1. Home
  2.  » 
  3. Trust Disputes
  4.  » Secretive or Uncommunicative Successor-Trustees in Trust Disputes

Secretive or Uncommunicative Successor-Trustees in Trust Disputes

On Behalf of | Feb 11, 2014 | Trust Disputes

Our Firm has a long history of handling various kinds of inheritance disputes involving living trusts.  Of all the types of trust disputes that Buffington Law Firm’s trust litigation attorneys deal with, the most common scenario is that of the secretive or uncommunicative successor-trustee.  These are situations in which the trustors have passed on (often the parents) and have left a family “living” trust in which several of their now-adult offspring or other loved ones are the beneficiaries.  Usually the trustors (the now-deceased people who created the trust) have provided that one (sometimes more) of the beneficiaries will act as “successor-trustee” of the Trust.

The duties of a successor-trustee are similar to that of an executor of a will: his or her main duty is to carry out the written instructions in the Trust; usually this means to wind up the Trust and distribute the assets to the beneficiaries.  But there is one critical difference.  Wills are almost always subject to probate, which means that a will is wound up under the supervision of the Probate Court.  This is expensive and time-consuming, but can prevent malfeasance.  A Trust, by contrast, is intended to bypass the probate process.  The successor-trustee is expected to carry out the terms of the Trust without court involvement.

Unfortunately, sometimes successor-trustees abuse their positions of confidence.  When a successor-trustee fails to communicate openly and frankly with the beneficiaries, or be transparent concerning the finances of the trust, these are danger signs.  Our Firm has handled many cases where the trustee was doing everything he or she could to loot the Trust and leave little or nothing for the beneficiaries.  If you, as a beneficiary, are experiencing these danger signs there are legal remedies available.  It is not difficult for an attorney representing one or more beneficiaries to obtain a court order to bring the successor-trustee under the supervision of the Court.  In trust disputes our Firm has often obtained court orders whereby:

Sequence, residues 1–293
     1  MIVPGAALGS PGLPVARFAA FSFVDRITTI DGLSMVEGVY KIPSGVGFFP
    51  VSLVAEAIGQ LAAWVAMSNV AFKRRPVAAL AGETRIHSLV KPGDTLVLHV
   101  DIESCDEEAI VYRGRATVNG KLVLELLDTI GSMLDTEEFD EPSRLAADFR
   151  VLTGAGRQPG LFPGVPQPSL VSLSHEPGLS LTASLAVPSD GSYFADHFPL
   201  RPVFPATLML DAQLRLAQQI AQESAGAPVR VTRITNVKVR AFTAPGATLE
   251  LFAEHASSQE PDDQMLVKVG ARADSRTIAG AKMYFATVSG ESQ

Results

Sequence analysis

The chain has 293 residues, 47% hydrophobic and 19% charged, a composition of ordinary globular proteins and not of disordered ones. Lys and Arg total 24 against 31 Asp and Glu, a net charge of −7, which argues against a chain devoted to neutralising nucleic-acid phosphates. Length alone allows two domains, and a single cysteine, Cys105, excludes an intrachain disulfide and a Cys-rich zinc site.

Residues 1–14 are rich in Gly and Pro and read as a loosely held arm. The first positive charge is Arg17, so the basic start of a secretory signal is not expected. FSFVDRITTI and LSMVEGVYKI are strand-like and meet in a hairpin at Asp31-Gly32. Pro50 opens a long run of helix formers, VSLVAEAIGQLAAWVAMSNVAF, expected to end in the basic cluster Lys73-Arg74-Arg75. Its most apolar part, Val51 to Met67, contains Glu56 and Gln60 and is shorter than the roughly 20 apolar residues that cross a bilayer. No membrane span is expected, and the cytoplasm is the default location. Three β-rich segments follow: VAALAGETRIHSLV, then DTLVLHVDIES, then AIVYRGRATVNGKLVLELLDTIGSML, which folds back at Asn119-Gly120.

• The Trustee is required to have a CPA do a complete accounting of all of the Trust financial transactions, to ensure that distributions are done fairly and properly;
  • The Trustee is ordered not to make distributions without prior permission of the Court.  This can prevent Trustees from running away with, or dissipating the Trust assets;
  • The Trustee is required to timely make distributions and wind up the Trust.

Courts will hold successor-trustees accountable for any wrongful acts, and beneficiaries who are confronted with these sorts of problems can sometimes obtain attorney’s fees charged against the successor-trustee.  Successor-trustees owe strict fiduciary duties to the beneficiaries.  But this can usually only happen if the beneficiaries obtain competent legal counsel.

If you are faced with a rogue successor-trustee of a family trust you can call Buffington Law Firm for a free legal consultation.  In this consultation you will speak directly with one of our experienced trust litigation attorneys and discuss your options.  Usually we can deal with these problems firmly and economically.